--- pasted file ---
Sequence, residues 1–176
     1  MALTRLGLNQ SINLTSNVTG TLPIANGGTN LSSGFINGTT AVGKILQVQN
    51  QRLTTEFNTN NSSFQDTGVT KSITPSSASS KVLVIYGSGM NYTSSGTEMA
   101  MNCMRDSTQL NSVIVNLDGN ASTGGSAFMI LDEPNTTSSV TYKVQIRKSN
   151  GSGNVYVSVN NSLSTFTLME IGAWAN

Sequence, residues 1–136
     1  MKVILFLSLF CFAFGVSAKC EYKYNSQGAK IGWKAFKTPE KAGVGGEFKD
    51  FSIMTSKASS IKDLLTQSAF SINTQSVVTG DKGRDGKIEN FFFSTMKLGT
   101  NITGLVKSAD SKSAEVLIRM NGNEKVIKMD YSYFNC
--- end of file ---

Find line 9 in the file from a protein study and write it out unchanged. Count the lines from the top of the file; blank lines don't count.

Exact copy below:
   101  NITGLVKSAD SKSAEVLIRM NGNEKVIKMD YSYFNC